History Department
History Department

History Professor featured as one of ten 2005 stories to read again on UT home page

Thu, January 5, 2006

When Oprah Winfrey became America's first black female billionaire, Forbes magazine took note. The major news networks took note. And Dr. Juliet E.K. Walker, professor in the Department of History at The University of Texas at Austin, took note as well.

As the country's foremost expert on black business history, Walker has made black business her business. And recently, she's made Oprah Winfrey her business, too.

While the media may be interested in Winfrey's wardrobe, weight loss or famous car giveaways, Walker is interested in her role as an entrepreneur and what her success says about race and gender in business today. She's exploring this in "Oprah Winfrey: An American Entrepreneur," a book she is writing for Harvard Business School Press.

For Walker, Winfrey is a complicated figure. She is a potent personality and a cultural phenomenon as well as a remarkably accomplished businessperson. Her success in marketing the Oprah brand in television, film and publishing transcends race.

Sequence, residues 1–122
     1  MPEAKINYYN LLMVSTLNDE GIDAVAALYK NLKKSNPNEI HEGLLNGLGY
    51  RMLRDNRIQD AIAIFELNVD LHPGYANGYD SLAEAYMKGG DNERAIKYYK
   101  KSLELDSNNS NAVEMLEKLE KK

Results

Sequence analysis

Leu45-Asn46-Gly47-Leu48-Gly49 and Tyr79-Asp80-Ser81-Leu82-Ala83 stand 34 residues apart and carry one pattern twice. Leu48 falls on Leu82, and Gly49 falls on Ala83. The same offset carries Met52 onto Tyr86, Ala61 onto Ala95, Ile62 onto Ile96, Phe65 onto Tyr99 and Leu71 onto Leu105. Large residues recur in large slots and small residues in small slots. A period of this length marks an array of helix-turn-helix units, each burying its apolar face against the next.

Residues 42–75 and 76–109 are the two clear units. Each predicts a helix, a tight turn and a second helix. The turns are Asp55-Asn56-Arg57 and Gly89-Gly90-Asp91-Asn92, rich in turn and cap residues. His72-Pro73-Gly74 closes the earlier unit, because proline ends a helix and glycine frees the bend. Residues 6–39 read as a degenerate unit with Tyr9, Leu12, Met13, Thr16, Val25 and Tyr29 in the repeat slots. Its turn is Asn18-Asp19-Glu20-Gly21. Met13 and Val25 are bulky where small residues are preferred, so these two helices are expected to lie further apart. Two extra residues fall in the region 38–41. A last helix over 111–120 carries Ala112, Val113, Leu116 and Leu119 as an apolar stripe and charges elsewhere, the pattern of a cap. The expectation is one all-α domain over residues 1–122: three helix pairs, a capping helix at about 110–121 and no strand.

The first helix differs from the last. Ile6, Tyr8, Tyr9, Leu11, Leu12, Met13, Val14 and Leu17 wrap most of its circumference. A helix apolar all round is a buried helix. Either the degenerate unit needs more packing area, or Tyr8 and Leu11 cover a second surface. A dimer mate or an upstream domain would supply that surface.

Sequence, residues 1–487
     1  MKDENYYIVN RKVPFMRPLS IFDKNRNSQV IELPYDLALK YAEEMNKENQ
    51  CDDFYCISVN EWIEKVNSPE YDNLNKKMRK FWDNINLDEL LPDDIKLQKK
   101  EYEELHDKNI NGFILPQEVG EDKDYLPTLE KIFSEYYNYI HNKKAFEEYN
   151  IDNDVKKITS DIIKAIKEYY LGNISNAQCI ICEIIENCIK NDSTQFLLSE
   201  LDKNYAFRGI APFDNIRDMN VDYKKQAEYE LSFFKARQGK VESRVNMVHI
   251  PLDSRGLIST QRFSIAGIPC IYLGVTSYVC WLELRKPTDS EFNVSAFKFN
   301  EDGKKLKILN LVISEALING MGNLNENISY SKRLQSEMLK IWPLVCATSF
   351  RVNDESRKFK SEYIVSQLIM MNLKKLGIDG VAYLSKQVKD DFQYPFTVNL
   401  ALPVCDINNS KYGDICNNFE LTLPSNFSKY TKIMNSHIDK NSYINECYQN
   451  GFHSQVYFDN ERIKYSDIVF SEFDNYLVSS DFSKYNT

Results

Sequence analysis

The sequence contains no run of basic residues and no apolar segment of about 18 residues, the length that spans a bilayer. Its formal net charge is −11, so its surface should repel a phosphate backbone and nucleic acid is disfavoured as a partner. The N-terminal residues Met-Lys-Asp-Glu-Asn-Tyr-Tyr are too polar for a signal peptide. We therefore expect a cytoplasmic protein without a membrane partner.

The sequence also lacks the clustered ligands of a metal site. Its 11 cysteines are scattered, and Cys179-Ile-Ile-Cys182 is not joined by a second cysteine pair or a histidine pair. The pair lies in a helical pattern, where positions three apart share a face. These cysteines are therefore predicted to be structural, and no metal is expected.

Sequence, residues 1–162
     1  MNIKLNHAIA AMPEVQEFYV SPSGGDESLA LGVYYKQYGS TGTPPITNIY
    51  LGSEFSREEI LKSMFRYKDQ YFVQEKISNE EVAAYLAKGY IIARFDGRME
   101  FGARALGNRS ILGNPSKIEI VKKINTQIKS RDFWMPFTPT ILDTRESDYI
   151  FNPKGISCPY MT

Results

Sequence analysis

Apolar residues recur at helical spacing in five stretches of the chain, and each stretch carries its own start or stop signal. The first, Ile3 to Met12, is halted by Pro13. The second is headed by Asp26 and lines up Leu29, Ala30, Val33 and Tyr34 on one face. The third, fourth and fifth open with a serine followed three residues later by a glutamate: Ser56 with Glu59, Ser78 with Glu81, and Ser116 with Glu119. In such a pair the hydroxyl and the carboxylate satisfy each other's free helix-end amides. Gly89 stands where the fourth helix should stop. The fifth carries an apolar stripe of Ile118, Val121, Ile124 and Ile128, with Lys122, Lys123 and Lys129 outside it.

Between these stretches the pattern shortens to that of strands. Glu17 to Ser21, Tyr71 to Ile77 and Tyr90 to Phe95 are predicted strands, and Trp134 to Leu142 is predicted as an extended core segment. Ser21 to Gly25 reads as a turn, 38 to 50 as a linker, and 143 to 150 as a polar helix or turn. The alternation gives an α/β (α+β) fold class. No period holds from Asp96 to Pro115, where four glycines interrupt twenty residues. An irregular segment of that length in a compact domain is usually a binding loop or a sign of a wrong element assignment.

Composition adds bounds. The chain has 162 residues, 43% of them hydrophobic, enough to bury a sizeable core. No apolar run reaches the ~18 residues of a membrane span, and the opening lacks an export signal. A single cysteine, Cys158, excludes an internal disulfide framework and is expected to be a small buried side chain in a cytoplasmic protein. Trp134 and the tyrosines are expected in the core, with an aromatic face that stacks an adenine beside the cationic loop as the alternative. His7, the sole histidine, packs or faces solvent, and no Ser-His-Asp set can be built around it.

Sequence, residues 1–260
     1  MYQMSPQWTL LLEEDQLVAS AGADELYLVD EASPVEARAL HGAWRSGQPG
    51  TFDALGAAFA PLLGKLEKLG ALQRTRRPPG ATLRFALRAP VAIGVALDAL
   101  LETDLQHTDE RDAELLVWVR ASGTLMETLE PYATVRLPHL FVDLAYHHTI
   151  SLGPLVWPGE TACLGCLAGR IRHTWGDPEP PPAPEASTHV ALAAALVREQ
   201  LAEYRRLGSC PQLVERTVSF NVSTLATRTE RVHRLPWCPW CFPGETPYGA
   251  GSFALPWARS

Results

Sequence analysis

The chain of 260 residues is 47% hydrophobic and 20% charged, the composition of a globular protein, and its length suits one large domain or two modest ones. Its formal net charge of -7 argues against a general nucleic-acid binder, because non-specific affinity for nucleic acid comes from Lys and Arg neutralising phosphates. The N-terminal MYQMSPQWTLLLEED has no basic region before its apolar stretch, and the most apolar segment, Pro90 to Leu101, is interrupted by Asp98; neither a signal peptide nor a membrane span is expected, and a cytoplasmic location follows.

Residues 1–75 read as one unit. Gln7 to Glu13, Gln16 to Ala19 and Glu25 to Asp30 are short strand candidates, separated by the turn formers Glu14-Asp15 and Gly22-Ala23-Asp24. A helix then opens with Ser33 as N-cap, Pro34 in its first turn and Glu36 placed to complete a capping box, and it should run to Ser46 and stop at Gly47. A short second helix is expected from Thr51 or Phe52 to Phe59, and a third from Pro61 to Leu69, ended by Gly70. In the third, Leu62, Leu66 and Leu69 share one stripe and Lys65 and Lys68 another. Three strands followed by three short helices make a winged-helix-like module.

"The primary way I relate Oprah to black business is that she is a black person who is involved in business who has never really depended on a black consumer base," Walker says. "Yet her business activities reflect certain aspects of the expansion of black business activity in the late 20th century, her joint ventures being one."

Winfrey's joint ventures with Walt Disney, Oxygen Media and Hearst Magazines are typical of what Walker considers the most recent wave in the rise of black corporate America. . . .

Photo by Marsha Miller, banner graphic by Leslie Ernest

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